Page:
Unless you’re planning to pay all cash, if you’re shopping for a home then it means you’re also shopping for a mortgage. Depending on your personal situation, some mortgages could be a better fit for you than others. Knowing which loan is the best choice for you can save you money down the line, so it’s important to be knowledgeable about what’s available. With that in mind, let’s take a look at four of the most common types of home loans.
As the name gives away, a conventional loan is the most common type of home loan. As defined by the Lending Tree, a conventional loan is “a mortgage that is not guaranteed or insured by any government agency, including the Federal Housing Administration (FHA), the Farmers Home Administration (FmHA) and the Department of Veterans Affairs (VA). It is typically fixed in its terms and rate.” Generally, a conventional loan is going to offer the best rates, terms and lowest monthly payments. This is because this type of mortgage is not part of a government program, which means fewer requirements and looser regulations. However, it is important to note that since this means a great risk for the lender, the buyer must meet the following requirements: good credit, steady income and the ability to make a solid down payment.
We recommend this option for buyers who have enough savings to make a sizeable down payment and qualify for the other requirements laid out. The decision is not done at this point though! Once you ensure that a conventional loan is the best choice for your situation, it is important to research lender options and try to locate the best rates and fees.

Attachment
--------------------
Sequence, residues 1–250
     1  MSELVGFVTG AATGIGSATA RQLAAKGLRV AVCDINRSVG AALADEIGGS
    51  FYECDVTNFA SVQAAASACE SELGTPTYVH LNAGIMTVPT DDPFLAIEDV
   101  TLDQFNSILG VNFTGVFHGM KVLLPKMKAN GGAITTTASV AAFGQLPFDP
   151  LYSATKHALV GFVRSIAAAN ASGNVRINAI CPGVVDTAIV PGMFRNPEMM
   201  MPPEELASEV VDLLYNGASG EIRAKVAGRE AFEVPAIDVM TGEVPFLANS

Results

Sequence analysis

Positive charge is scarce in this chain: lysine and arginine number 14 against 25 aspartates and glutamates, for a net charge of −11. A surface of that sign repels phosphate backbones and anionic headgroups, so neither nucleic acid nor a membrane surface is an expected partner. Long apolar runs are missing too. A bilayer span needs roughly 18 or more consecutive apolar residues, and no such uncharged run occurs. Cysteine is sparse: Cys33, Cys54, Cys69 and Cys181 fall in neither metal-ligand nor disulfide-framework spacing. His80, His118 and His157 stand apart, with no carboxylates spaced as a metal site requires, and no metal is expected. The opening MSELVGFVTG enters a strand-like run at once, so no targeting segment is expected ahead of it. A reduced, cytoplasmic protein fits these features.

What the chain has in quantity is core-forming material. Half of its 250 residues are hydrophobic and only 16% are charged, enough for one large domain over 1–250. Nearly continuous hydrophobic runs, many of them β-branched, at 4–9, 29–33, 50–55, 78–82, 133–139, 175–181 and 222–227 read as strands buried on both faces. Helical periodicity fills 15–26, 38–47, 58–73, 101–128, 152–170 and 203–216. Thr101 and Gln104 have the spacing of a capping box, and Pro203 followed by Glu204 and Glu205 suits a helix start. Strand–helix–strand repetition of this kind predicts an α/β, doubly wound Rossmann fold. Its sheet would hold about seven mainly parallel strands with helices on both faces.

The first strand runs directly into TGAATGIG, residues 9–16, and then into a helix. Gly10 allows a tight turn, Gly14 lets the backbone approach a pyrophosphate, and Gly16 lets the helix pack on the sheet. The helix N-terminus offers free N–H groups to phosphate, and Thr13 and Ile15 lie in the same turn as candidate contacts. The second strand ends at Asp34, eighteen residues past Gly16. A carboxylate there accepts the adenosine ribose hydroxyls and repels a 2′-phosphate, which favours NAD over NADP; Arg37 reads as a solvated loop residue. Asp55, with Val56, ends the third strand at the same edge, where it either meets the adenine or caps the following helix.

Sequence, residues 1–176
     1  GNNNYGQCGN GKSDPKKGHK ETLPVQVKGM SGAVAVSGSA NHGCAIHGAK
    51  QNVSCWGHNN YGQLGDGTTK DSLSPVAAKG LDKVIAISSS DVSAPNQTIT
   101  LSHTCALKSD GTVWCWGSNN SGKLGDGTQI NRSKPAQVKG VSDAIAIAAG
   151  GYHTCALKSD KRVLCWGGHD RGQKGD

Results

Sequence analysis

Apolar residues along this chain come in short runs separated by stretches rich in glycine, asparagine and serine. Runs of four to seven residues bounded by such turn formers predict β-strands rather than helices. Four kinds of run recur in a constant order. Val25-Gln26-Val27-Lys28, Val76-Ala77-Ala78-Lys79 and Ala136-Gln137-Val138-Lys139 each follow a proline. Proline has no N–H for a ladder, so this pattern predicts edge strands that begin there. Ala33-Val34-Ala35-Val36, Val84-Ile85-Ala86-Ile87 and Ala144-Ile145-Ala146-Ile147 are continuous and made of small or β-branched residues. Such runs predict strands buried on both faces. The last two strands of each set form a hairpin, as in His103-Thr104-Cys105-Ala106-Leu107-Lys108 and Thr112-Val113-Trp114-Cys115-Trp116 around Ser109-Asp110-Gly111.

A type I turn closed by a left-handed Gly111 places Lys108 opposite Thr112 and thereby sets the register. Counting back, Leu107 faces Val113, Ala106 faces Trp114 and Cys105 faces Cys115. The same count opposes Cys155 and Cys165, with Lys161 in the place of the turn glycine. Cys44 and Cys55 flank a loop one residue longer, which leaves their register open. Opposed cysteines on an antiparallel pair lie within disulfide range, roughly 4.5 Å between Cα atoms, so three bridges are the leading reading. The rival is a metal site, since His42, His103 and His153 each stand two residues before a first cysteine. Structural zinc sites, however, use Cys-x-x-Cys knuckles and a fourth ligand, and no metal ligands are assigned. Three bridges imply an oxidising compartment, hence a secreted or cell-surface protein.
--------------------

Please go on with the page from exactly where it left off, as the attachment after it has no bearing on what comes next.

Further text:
As defined by Investopedia, an FHA loan is “a mortgage issued by federally qualified lenders and insured by the Federal Housing Administration (FHA). FHA loans are designed for low-to-moderate income borrowers who are unable to make a large down payment.”
FHA loans are available for those with a credit score as low as 500, but those will a score between 500 and 579 will be required to put 10% down. However, those with a credit score above 580 are allowed to borrow up to 96.5% of the value of the home and the 3.5% down payment requirement can come from a gift or a grant. Obviously, this option is popular with first-time buyers or any buyers that are unable to make a hefty down payment.
Quick history: FHA loans were introduced after the Great Depression when defaults and foreclosures were sky-rocketing. To help address this crisis, the government introduced federally insured loans to help reduce lender risk and to revitalize the housing market.
The FHA does not directly lend the borrower the money, instead the borrower pays a monthly or annual mortgage insurance premium to the FHA to insure the loan which is actually given to them by a standard lender. If the borrower were to default, the FHA would step in to cover the payments which puts the lender at lower risk.
The bottom line: Lenders are more likely to issue loans that put them at risk if said loans are insured by the government – making an FHA Loan a great option for those with lower credit or less savings.
Finally, Veterans Affairs (VA) loans are available for those who have served in the military. Borrowers can secure these loans with no down payment and (unlike FHA and USDA loans) no mortgage insurance is required. There are strict guidelines about the type of home that can be purchased, and it must be your primary residence.
In order to quality for a VA loan, veterans must meet minimum requirements for length of service in order to qualify for a VA loan. Spouses of those who died during service may also qualify. A certificate of eligibility will be required, although in some cases the lender can secure it for you.
As you can see, much more goes into home-buying than simply locating your dream home. The Weber Accetta Group would love to be a part of your home-buying journey – from securing your loan to handing over the keys, we are here to make this process as seamless as possible!
As always, please contact us with any questions or concerns – we are here for you!